Sri Lanka will be soon producing thin-film solar cells on a commercial basis with technological cooperation from China as a means of popularising the use of solar panels for domestic power generation, Science, Technology and Research Minister Susil Premajayantha said.
He said a number of young technicians were being trained on ‘Modern Solar Power Technology’ at the Colombo, Ruhuna, Jaffna and Kelaniya universities.
"I paid a visit to China last week with some Sri Lankan scientists to obtain first hand experience on solar power technology. The Chinese government is helping us to develop solar power technology in Sri Lanka. I hope we will be in a position to drastically reduce the use of costly thermal power generation which is also an environment pollutant,” the minister said.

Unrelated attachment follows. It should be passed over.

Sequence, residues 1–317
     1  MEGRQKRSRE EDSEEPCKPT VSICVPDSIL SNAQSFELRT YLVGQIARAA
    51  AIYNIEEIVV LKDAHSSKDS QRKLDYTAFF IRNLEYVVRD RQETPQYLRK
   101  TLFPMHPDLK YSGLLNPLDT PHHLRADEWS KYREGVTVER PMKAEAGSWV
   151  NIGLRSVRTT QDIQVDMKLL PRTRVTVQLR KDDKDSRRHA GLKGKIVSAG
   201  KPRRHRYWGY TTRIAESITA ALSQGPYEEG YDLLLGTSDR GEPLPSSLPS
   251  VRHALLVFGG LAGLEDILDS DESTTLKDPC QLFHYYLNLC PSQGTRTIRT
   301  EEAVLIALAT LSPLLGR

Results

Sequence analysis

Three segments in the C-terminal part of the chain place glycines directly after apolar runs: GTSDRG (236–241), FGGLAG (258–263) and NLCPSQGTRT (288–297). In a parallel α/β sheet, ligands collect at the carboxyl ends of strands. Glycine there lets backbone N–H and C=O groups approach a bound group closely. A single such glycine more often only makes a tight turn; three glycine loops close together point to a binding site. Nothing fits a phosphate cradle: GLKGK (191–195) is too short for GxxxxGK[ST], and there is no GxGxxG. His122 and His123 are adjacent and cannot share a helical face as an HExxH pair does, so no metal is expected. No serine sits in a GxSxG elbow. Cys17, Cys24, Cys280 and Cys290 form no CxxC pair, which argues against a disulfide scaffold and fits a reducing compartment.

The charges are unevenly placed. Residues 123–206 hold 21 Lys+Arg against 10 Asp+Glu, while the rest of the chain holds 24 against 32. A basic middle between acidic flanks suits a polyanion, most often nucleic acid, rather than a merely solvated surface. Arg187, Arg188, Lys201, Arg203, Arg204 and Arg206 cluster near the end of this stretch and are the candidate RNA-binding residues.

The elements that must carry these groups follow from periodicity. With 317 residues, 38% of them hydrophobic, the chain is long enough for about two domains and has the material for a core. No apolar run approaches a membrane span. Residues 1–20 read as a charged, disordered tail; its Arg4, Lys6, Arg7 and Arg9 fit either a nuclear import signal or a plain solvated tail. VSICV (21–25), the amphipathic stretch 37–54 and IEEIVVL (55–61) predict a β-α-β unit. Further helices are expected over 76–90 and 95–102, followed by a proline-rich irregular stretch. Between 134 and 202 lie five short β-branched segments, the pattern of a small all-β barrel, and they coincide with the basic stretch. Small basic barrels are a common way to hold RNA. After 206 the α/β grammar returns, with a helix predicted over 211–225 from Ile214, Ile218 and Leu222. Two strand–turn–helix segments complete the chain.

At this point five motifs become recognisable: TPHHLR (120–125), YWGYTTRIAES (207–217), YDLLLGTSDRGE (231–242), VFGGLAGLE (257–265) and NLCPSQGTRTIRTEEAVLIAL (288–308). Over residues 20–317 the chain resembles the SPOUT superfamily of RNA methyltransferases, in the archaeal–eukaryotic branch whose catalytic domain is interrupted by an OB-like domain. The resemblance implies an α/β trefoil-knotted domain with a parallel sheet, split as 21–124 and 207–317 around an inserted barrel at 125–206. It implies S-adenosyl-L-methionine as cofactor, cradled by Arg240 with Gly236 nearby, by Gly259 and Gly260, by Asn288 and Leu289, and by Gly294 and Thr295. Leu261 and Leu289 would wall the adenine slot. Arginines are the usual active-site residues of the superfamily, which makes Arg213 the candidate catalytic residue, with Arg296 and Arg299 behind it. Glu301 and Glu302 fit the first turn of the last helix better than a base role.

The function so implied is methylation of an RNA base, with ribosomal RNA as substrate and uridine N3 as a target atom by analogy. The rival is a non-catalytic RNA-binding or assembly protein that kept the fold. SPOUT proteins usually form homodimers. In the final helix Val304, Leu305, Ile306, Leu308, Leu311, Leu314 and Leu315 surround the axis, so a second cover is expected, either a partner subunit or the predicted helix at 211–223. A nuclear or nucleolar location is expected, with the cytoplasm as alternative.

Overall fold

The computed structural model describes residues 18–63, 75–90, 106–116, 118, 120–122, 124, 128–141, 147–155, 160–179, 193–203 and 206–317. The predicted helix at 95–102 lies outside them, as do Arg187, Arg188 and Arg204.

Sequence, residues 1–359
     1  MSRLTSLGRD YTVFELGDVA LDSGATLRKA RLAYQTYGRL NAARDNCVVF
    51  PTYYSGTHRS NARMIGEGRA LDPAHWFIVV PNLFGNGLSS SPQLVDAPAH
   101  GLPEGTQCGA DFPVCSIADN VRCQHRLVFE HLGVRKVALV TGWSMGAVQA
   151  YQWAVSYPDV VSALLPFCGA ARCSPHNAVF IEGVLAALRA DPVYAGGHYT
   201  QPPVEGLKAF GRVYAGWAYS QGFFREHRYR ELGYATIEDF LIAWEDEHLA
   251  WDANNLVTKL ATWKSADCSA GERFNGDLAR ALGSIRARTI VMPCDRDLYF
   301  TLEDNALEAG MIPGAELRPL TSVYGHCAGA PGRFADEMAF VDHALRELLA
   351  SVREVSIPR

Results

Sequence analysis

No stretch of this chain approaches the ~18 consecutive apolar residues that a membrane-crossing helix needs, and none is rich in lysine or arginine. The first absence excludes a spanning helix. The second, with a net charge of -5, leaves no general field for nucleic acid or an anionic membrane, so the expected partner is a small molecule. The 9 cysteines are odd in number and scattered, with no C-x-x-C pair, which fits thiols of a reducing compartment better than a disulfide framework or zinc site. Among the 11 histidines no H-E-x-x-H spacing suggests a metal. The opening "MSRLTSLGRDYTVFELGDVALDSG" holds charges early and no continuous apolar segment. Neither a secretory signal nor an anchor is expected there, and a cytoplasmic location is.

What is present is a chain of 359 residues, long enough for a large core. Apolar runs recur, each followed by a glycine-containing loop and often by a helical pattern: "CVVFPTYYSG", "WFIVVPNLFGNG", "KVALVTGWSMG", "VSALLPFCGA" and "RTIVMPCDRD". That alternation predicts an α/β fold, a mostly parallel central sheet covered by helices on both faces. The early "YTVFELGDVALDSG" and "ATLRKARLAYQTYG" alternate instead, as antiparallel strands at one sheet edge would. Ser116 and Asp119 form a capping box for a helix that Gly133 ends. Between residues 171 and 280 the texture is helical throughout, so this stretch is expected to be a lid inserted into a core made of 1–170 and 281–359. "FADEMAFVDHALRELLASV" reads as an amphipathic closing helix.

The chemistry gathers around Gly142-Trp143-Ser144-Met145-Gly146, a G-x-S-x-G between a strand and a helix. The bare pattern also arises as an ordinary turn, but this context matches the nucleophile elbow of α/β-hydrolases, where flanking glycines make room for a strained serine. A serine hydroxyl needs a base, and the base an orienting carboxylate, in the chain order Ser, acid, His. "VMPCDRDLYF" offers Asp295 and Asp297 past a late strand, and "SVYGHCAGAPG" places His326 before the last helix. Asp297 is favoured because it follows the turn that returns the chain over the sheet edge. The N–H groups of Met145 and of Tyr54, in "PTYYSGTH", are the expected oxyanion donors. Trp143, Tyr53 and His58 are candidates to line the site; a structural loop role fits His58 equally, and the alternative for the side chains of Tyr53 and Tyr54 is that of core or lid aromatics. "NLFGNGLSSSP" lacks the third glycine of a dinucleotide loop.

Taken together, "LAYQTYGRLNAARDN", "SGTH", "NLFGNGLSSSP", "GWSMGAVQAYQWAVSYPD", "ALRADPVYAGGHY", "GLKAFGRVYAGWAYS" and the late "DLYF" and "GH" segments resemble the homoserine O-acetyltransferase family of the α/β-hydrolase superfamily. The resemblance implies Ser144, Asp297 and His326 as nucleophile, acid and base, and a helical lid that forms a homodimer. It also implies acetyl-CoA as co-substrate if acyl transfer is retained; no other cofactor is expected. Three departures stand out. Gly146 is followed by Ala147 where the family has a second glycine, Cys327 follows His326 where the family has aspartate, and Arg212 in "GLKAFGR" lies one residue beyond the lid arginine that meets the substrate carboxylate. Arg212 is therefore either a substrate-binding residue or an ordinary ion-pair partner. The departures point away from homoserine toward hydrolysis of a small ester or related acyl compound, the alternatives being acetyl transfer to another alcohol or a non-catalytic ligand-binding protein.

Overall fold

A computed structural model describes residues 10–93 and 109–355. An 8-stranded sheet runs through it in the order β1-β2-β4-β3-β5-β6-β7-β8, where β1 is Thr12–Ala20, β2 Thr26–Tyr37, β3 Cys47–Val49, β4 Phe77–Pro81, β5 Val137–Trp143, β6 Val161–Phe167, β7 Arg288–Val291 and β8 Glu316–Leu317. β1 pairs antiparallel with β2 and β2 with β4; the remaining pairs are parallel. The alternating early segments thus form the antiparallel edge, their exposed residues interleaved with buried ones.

He said producing it locally on a mass scale would help the government’s plan to phase out coal and thermal power generation and increase solar power generation to 800 MWs by 2030.
Thin-film technology has been cheaper but less efficient than conventional c-Si technology. However, its quality standards have significantly improved over the years. The lab cell efficiency for CdTe and CIGS is now beyond 21%, out-performing multi-crystalline silicon, the dominant material currently used in many solar crystalline systems. (Sandun A Jayasekera)